by Matthew Amyx
On Tuesday March 29, I saw down with Steven Rosengard, Assistant Curator at the Museum of Science and Industry, to discuss jobs in museum collections. I chose him as my interviewee because – in addition to me already being there for my internship – he works with one of the coolest collections in the country at my very favorite museum. He chose to field my questions because he is a cool, friendly guy. (Incidentally, he’s also an accomplished fashion designer, and has competed on Operation Runway.)
I asked for his advice on creating metadata. He advises getting at least three people’s take on a project, and demonstrated what he meant by holding up a fish-shaped dish lying nearby. He asked me how I would describe it. I attempted a description based on dimension and, of course, its piscimorphic quality. He nodded, but then added that I could also call it a candy-dish, made of a particularly lustrous material (which I have since forgotten), and of a particular color. I wouldn’t have thought to include color in metadata. He then noted how many possible metadata synonyms there are for train (locomotive, rail-car, transportation) and that getting multiple people involved in brainstorming metadata preparation can tease out possible tags.
My next questions revolved around acquiring a job in the field. Having invested heavily in my education – with a few more years to go – I worry a lot about landing a lucrative job after getting my PhD that will allow me to pay off my Masters degree debts. Unfortunately, Steve’s tale – which he called “a very Chicago story” – didn’t really make me feel better. He does not have graduate school training specifically in public history, but gradually moved up the museum chain after being initially employed through the reference of a former coworker at an unrelated administrative position. (Of course, his fashion training is very relevant to his work in the collections as he knows intimately how to preserve and display the dizzying variety of materials in the collections.) He acknowledges there are not enough job openings in the field, and prospective workers have to be patient.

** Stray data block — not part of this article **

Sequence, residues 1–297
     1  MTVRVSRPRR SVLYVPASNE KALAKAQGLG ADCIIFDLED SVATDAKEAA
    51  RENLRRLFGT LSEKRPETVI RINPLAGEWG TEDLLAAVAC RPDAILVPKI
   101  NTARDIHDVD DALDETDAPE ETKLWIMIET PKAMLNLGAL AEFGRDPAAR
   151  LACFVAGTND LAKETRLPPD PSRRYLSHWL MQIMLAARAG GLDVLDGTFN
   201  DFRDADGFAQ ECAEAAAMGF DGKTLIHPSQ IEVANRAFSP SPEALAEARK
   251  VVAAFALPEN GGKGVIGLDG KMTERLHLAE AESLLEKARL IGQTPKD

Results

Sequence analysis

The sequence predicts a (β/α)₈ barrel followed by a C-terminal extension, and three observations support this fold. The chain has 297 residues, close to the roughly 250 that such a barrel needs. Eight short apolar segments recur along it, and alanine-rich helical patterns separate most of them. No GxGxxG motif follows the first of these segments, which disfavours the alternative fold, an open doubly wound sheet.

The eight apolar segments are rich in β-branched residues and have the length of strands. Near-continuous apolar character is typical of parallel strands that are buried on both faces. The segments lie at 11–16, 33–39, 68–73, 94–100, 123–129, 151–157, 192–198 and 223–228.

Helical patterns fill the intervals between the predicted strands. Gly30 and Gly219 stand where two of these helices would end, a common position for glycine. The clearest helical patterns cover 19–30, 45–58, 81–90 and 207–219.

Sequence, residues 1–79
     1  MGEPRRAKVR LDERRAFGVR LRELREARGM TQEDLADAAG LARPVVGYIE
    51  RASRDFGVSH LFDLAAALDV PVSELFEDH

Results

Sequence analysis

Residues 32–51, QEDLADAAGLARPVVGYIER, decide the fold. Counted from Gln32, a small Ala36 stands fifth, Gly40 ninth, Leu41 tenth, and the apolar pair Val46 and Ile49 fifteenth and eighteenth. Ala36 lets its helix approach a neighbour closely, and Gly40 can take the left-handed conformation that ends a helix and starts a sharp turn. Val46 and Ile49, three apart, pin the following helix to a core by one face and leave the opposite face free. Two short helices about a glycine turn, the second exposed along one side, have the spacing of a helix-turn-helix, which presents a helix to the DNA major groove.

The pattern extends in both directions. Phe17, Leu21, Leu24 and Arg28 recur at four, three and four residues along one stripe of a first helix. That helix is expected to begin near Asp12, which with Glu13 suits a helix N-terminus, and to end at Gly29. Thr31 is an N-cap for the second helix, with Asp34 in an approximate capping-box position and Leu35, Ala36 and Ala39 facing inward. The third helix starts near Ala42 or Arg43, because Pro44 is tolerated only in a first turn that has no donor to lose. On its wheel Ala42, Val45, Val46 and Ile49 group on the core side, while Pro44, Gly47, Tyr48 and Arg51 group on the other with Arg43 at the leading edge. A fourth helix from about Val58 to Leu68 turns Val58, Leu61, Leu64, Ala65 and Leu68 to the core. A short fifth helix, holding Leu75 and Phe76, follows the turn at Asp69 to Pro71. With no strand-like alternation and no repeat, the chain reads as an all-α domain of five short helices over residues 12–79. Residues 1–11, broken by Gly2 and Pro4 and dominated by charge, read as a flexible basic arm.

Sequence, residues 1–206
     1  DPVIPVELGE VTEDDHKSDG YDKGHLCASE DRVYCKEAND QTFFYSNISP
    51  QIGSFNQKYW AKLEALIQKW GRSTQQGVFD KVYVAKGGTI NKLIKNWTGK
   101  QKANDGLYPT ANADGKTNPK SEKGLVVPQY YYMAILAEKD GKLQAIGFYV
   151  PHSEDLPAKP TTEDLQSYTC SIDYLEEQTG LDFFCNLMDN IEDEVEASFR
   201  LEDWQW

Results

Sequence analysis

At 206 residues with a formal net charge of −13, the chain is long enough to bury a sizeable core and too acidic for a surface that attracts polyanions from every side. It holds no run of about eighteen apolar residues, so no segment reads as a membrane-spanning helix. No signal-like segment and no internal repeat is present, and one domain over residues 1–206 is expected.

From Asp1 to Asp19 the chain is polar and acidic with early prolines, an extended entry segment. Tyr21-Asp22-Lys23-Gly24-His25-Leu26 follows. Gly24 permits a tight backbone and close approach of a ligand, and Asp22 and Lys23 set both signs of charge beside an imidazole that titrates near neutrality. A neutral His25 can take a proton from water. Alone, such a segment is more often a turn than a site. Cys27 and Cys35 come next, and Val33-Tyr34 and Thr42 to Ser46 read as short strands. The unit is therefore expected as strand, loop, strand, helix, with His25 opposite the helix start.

Despite these honestly quite depressing realities, he did bestow on me some very good advice. He advises people to really understand the business side of the field, learn how to work with and manage others, and – of course – network. He also really recommended being well-rounded in the skills of collections and archives management, which makes me glad I’m at Loyola which seems to do a great job at multi-faceted public history training. Training which will hopefully gain me a job somewhere in the field of history – jobs that appear – like fish-form candy bowls – shiny, useful, and sadly rare.